26 March 2014

Danie Mellor’s Exotic Lies and Sacred Ties exhibition at UQ Gallery




Words: Saskia Edwards
Images: Jonathan Rae

Within 20 years of white settlement in the Atherton Tablelands, the indigenous population was reduced to 20 per cent of their pre-contact numbers. European diseases like measles and influenza took many victims. But it was the wholesale murder by settlers that was the main contributor to the almost complete obliteration of Dyirbal speakers.

This is Aboriginal and Torres Strait Islander Art Award winner Danie Mellor’s mother’s country. The compilation of his works over the last 11 years at the UQ Gallery presents a history of the Atherton Tablelands and the rainforest people.

Danie’s pieces offer binary views from colonial and indigenous perspectives. It creates a kind of synergy to highlight how the cultures are vastly different, but share commonalities.

The themes explored across the exhibition include ritual and safekeeping, memento mori, culture warriors, silent witness and arcadia.

Curator at UQ Art Museum Samantha Littley says she and the head curator Maudie Palmer used these motifs to fully explore the concepts in Danie’s art.

“So for example with the ritual and safekeeping theme there was this idea that ritual knowledge and the handing on of sacred knowledge is something that common to many societies.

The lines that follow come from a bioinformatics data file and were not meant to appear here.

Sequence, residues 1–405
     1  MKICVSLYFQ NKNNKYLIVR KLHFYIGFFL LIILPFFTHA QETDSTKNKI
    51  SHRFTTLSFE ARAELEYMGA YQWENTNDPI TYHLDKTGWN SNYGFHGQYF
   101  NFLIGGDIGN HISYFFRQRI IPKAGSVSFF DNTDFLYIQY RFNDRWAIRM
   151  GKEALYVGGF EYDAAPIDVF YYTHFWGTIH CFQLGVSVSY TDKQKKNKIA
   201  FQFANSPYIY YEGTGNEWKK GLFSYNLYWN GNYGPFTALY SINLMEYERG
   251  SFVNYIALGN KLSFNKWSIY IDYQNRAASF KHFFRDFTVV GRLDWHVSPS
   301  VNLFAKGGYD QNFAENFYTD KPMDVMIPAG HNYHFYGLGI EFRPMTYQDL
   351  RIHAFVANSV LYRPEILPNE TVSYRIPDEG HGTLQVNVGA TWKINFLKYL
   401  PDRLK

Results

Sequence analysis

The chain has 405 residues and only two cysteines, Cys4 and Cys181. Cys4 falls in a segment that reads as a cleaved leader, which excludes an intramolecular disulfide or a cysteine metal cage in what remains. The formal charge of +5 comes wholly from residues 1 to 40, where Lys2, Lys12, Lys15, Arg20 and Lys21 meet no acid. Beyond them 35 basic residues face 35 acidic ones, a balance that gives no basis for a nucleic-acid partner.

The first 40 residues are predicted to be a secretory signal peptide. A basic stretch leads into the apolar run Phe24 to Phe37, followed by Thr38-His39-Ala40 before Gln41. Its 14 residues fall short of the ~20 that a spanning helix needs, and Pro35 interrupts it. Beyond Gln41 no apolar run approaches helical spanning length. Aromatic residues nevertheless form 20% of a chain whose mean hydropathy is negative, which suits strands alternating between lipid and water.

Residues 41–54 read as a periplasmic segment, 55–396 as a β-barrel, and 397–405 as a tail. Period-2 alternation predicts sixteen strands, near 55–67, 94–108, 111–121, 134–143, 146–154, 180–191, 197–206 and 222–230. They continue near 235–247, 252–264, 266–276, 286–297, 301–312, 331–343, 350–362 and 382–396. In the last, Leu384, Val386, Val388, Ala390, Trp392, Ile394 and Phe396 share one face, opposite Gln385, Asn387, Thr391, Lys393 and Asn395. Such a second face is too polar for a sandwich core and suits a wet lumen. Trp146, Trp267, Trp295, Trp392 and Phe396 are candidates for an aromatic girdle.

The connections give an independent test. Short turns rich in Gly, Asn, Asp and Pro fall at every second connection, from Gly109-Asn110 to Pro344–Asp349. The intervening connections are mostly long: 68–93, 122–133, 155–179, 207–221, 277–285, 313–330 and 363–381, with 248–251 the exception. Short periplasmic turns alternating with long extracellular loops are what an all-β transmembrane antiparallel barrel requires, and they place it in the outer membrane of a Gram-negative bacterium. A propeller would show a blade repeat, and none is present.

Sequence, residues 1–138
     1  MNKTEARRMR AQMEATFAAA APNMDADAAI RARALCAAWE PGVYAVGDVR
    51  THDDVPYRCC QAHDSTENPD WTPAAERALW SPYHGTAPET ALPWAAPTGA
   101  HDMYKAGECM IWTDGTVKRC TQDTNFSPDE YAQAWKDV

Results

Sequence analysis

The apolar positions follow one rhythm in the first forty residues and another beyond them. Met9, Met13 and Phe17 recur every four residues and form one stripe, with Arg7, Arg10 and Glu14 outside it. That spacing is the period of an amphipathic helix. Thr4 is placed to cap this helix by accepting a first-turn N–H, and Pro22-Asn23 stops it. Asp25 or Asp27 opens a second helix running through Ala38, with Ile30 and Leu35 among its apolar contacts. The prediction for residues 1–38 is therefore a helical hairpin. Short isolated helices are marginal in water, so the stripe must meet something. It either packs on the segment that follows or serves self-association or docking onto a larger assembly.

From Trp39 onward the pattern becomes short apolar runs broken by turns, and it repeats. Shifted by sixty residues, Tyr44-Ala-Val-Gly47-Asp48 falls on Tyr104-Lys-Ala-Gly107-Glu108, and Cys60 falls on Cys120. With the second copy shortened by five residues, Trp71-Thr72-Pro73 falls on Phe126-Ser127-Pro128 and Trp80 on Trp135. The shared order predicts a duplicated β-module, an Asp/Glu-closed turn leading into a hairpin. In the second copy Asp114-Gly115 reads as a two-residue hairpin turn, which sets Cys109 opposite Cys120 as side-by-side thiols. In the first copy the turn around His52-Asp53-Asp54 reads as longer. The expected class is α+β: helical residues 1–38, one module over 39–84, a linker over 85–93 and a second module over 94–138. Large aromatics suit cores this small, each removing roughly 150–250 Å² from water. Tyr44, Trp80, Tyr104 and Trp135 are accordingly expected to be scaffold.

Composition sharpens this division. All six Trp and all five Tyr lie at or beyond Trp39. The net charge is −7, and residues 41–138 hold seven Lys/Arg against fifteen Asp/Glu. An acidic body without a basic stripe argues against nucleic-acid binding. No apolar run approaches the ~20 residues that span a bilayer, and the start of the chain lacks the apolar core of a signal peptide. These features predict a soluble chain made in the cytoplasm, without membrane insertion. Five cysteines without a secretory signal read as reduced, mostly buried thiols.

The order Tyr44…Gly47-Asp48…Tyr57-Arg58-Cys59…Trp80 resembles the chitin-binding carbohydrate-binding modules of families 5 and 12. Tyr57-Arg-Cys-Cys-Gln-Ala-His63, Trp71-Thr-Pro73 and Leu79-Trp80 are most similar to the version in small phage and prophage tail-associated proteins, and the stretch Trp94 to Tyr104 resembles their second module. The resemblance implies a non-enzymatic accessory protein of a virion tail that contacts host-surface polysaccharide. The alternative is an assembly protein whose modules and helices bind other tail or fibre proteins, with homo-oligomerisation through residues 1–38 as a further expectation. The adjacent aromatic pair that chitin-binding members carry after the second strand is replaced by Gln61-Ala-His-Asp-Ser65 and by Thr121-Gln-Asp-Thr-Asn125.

“There’s all sorts of ritual knowledge that’s passed on through visual and oral histories [in the indigenous community].

“And then kind of counterpointed against that is the masonic rituals that are perhaps more closely associated with European culture and what he’s saying in fact is that there are similarities, but there’s differences between those two things.”

Many of Danie’s mixed-medium pieces are reminiscent of blue-and-white Spode China. But instead of whimsical oriental pictures, the paintings depict native Australian peoples, flora and fauna or macabre and disjointed scenes of colonialism. Spode China represents the Chinoiserie popular at the time of white settlement in Australia. In Danie’s works it seems to symbolise the forced invasion of western culture on the tranquil, but confused native population.

Samantha says the ornate frames and shimmering materials in Danie’s works attract the viewers’ gaze. At first, it seems quite beautiful. But then more poignant messages arise.

“So what he does is he draws you into that picture,” she says.

“And initially he does that with things like the gold and the glitter, which are obviously very visually appealing and attractive in a way.

“But then once you’ve entered into that looking with him, he shows you other things that are perhaps a little bit more complex and possible more difficult to consider, but he does it in a very gentle way and there’s no course to blame.”

It’s a pivotal moment in Danie’s already illustrious career. He was recently included in the inaugural international survey of Indigenous art in Canada and will be shown this year at Art Basel Hong Kong.


The 50 artworks on loan from galleries including the Australia Museum, the National Gallery of Australia and the Queensland Art Gallery are on exhibit until April 27th.





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